Poet’s Notebook: Poetica Chapbook Winners Debra Winegarten & Lois Barr

I met Lois Barr and Debra Winegarten as my students at the Highlights Foundation workshops on Writing Jewish-themed Children’s Books in Boyds Mills, Pennsylvania. Turned out, as you can read below, they’re also poets—and now award-winning poets at that. Both won the Poetica chapbook contest: Debra in 2011 and Lois in 2013.

The Whole Megillah (TWM): Why did you offer your work to the Poetica chapbook contest?
Devorah Weingarten (DW): A friend of mine saw the contest, emailed me and said, “Hey, you write contemporary Jewish poetry, you should enter.” So I did.

Lois Barr (LB): For a long time my poems all seemed like adopted children.  They all looked so different.  Then I began to see a pattern, and I had a group of poems I liked about Jewish themes, so Poetica seemed like a natural choice for the contest.

TWM: Was the chapbook already assembled or did you have to do that specifically for the contest?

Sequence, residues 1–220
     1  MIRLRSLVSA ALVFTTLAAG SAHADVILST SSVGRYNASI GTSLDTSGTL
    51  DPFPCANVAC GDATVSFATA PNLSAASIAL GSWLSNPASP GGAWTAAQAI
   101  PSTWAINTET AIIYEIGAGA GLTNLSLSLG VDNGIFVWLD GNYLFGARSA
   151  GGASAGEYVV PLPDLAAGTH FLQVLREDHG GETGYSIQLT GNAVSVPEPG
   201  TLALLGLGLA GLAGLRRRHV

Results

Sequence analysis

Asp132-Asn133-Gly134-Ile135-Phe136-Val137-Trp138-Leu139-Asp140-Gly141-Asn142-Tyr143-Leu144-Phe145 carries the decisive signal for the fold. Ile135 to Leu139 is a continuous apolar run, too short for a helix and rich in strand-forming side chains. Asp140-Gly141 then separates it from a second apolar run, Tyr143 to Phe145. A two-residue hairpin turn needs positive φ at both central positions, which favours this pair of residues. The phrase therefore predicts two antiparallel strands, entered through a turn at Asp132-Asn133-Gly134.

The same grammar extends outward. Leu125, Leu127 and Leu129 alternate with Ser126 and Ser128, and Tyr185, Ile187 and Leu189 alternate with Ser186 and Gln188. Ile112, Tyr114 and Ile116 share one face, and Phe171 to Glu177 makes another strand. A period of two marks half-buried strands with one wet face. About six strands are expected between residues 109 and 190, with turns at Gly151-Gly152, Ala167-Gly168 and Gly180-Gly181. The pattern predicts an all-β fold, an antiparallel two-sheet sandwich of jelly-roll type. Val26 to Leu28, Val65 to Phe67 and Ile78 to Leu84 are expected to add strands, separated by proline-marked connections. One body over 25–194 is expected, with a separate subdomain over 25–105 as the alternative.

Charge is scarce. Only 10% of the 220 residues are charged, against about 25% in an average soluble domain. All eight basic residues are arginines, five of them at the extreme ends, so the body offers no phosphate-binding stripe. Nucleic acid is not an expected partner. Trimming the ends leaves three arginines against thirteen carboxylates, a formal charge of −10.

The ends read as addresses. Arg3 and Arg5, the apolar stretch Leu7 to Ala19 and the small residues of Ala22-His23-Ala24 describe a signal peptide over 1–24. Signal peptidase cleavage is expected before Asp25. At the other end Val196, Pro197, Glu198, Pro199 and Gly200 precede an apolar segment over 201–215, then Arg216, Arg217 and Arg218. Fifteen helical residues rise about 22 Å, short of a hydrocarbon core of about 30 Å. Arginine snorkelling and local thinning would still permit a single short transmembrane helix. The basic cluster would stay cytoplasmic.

Poetica Chapbook Contest Winner 2011

Poetica Chapbook Contest Winner 2011

DW: I assembled the chapbook specifically for the contest. But I was having trouble figuring out the title of the collection. So I looked to see where the contest judge lived and if there was anything I could do to help make the chapbook appeal to the judge.

Because what’s the point of entering unless you’re going to win? I saw the judge lived in Norfolk, Virginia.

As I feel asleep that night, I thought, “Norfolk, Virginia. I got nothing to connect myself with that…Virginia…” and as I drifted off to sleep, I thought, “Do they know there’s Jews in Texas?” And the light bulb went on in my head, I leapt out of bed, ran through the house to my study to type the title into my computer.

LB: No, I had a lot of Jewish-themed poems, but I had to winnow them out with severity and  a total lack of sentimentality.

TWM: What is your background in poetry?
DW: My first poem was published in my shul monthly newsletter when I was in third grade. It was called, “God is Everywhere.” Other than that, I took a poetry course in college and have dabbled on and off with poetry and song lyrics over the years.